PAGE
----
By Katie Breaux
I am C R A V I N G Fall.
Every morning this week I’ve gotten dressed and put on a cozy scarf, I walk out onto the deck hoping it will feel like a crisp, leaf crunchy, hot tea kind of morning. I start sweating 3.04 seconds later and head back into the house while removing my scarf. My husband smirks at me over the rim of his coffee mug and shakes his head. I forget I live in the Carolinas where we have 85 degree sunshine filled days in the end of September. The struggle is real for this Minnesota girl. Therefore the only way to embrace my penchant for my leaf changing – pumpkin spice tasting – s’more roasting heart… is neon feathers. Naturally.
We took on this large scale project with our 5-9 year old students but these beauties would be rockable as soon as you can grasp a paintbrush and until you can’t hold one anymore.
– White poster board – tall rectangle (you could use heavy paper or art board)
– Black poster board – tall rectangle (you could use heavy paper or art board)
– White acrylic
– Thin brushes
– Small circle and line shapes for stamping accents (edges of old credit cards, spools, back end of brushes, etc.)
– Colorful Paint. We started each student with a palette of 4 colors. We are currently obsessed with scouring the aisles of Lowes requesting embarrassingly large quantities of Valspar paint samples that span the entire color wheel. Don’t worry – just tell the paint guy you are with us. Literally, $3.48 for 8 oz., and the colors are AMAZING, fast drying, & have a beautiful finish.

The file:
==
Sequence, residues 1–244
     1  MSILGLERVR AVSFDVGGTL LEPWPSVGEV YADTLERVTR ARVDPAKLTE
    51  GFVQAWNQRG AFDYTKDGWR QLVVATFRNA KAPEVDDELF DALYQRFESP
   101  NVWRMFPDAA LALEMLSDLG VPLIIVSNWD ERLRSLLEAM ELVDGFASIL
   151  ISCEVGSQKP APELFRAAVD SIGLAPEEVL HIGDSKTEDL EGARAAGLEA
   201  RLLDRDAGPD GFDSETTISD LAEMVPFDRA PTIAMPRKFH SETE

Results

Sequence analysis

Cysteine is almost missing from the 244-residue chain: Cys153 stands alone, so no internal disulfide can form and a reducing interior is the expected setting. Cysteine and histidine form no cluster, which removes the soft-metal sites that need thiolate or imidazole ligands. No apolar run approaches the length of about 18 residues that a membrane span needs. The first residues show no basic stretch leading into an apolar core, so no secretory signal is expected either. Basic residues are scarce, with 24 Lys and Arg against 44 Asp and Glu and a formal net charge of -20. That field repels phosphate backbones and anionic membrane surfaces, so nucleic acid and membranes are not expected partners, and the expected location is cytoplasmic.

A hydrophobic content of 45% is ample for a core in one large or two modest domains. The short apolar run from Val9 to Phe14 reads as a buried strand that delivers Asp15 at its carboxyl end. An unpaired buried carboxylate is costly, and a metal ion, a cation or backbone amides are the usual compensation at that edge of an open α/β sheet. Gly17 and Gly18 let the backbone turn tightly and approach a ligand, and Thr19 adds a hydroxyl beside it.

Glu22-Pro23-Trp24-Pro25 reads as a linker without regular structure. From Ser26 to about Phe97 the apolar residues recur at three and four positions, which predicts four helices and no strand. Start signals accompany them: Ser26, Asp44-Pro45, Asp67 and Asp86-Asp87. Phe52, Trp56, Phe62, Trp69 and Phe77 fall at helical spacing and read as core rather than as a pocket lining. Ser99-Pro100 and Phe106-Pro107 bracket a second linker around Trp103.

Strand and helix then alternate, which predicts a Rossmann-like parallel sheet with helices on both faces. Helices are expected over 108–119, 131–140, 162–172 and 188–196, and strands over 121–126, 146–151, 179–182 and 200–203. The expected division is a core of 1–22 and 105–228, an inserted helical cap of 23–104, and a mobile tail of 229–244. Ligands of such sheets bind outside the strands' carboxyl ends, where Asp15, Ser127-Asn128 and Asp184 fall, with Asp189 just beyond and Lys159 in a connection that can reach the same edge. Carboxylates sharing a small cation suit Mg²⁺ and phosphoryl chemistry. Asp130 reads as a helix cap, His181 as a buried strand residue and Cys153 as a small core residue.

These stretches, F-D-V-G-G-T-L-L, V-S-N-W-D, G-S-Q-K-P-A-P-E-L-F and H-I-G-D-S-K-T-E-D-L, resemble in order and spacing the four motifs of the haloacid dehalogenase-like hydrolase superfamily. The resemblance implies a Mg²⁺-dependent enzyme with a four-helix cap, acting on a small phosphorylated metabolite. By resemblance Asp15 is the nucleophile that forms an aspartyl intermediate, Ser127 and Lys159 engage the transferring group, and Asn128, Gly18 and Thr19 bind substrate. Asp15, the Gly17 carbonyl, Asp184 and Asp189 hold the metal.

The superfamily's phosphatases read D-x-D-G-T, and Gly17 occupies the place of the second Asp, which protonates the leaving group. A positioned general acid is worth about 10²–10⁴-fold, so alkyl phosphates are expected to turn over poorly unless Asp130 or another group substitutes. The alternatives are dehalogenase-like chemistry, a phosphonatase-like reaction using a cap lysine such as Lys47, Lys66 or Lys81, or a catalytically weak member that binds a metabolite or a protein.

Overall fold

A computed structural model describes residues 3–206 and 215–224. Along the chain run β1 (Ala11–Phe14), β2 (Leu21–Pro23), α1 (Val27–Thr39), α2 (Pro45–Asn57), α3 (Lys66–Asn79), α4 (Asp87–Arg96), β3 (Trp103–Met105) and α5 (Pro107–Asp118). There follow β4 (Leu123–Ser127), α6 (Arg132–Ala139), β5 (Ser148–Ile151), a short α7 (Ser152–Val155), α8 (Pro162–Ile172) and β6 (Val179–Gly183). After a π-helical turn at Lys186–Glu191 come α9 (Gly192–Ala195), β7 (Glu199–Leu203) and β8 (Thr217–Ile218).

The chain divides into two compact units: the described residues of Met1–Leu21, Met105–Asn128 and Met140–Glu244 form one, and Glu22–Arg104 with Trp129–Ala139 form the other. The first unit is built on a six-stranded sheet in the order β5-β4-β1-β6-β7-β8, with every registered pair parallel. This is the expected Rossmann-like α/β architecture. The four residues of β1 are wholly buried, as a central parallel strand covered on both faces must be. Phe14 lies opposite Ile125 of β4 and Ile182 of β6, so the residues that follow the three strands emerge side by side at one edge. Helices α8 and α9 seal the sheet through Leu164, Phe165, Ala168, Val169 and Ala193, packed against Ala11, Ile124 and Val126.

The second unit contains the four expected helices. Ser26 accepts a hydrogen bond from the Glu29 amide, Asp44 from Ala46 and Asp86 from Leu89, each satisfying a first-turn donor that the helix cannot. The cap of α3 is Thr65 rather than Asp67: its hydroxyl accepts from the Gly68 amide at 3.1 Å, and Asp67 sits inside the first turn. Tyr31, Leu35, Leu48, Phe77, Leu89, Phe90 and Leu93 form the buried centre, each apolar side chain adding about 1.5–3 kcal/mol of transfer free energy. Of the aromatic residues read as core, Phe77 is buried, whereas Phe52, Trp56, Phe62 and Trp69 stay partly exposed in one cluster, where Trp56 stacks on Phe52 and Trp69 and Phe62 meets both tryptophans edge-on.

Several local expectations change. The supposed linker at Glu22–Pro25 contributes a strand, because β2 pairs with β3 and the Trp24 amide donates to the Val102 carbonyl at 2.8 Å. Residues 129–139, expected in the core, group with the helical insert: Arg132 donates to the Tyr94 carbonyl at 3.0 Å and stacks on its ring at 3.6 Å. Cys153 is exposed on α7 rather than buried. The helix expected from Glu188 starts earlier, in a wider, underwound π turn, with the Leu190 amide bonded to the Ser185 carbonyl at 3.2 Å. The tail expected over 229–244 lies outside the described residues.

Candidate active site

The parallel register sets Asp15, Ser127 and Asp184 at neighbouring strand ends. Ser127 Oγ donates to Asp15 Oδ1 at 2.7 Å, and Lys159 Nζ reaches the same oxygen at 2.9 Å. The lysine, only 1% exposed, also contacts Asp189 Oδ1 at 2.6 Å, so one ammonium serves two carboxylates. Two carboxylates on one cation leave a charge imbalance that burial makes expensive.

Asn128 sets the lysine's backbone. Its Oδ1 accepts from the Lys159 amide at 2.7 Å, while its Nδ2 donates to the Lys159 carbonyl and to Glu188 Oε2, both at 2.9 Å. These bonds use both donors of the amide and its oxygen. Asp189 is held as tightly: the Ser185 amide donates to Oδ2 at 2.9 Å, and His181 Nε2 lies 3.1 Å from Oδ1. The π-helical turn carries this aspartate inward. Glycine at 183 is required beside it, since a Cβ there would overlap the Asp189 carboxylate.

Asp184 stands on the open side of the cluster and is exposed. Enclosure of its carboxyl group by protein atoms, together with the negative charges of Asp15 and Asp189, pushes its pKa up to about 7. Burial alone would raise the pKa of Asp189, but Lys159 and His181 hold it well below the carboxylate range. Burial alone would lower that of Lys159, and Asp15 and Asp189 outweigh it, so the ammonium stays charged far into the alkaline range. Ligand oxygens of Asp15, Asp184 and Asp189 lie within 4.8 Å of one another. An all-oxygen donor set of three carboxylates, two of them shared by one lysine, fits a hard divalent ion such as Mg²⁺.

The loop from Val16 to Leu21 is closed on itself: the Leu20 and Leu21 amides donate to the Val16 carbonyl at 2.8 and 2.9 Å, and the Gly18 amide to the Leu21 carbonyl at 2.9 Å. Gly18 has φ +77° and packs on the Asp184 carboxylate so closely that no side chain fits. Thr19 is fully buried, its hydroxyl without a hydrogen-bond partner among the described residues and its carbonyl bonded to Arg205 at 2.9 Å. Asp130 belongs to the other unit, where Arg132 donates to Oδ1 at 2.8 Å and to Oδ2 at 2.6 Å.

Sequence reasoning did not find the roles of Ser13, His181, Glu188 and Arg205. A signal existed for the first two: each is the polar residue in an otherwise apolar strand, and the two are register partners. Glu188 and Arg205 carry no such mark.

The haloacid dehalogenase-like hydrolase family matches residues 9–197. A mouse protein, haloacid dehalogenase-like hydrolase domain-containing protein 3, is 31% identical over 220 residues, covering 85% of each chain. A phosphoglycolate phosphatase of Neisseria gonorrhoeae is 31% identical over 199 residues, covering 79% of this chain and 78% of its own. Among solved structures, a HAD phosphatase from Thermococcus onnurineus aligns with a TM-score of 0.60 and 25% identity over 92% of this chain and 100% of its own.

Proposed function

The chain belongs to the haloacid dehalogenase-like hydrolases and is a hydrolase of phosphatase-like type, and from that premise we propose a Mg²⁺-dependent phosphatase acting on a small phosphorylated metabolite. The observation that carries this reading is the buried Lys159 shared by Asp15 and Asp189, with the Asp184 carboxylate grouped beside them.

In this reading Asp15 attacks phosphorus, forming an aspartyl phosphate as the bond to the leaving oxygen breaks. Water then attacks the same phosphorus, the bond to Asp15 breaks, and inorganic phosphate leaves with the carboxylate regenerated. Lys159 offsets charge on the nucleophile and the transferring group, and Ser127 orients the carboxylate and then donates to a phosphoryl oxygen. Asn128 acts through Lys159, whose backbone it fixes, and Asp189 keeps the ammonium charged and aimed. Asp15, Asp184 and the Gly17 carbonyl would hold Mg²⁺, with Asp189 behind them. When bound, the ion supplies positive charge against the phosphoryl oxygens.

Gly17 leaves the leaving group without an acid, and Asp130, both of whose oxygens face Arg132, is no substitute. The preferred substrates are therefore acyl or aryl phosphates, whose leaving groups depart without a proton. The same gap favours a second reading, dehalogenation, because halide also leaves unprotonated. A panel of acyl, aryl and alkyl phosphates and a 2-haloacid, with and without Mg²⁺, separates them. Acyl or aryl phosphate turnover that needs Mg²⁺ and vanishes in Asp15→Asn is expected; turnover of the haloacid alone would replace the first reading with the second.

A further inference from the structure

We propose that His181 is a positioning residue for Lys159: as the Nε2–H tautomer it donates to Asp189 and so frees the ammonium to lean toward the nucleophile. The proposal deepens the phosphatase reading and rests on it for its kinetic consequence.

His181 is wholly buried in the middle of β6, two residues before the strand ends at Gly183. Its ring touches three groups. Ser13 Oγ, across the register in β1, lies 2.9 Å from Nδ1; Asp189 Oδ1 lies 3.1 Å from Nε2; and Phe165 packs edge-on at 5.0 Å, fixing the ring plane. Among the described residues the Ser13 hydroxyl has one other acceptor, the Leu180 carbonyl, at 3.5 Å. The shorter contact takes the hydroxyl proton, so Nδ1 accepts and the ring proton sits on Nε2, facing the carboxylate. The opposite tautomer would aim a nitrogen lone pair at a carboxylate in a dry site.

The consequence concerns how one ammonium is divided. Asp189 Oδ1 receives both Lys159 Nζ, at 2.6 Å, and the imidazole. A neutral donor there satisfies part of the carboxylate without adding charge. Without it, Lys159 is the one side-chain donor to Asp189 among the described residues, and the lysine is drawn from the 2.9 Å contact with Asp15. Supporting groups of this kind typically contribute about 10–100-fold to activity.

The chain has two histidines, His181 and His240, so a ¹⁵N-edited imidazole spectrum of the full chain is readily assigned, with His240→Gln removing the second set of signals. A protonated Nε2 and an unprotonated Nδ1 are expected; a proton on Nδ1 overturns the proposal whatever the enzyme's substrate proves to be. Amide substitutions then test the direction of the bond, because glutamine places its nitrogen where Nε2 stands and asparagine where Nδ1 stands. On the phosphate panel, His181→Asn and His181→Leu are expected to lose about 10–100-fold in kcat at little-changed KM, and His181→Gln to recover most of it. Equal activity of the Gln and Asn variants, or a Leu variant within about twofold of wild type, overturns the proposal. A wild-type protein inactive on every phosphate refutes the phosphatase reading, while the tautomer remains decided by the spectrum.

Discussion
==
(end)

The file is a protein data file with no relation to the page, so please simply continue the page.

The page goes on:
As a class, we studied images of artist paintings of feathers, images of real feathers, and looked at and touched real feathers. We talked about the shapes and textures that we saw and felt.
Each student started with pencil by drawing their QUILL from the top of their paper all the way to the bottom. We talked through how the bottom of our quill is slightly wider than the top. Each artist then had the opportunity to design their feather shape to their liking – we saw flat, round and pointed tops, we saw smooth and pointed sides. Afterwards, we divided our feathers into LARGE sections – trying out some of the shapes we saw in natural feathers – organic ovals, as well as sections that look like stripes and lines. We went immediately to painting with each artist selecting four colors to begin with. We talked through spreading our colors out so that we didn’t have a purple spot on top of a purple square.
After the first layer of paint had dried, the students came back in to add some medium size colorful accents on top of their first layer of paint. We chatted about how this layer adds a new level to their painting (add a medium orange dot on top of a blue big dot, etc). We went immediately to stamping our CONTRAST accents. We talked through adding their stamps with repetition and that our white was an ACCENT (a special addition to add interest). We helped these kids cut out their feathers as the poster board is pretty hefty to try and get through cleanly. The colorful feathers were then mounted on black poster board. For the quick dry time, we used hot glue – but you could use a rubber cement or spray adhesive (applied to the back of the feather and pressed onto the black poster board).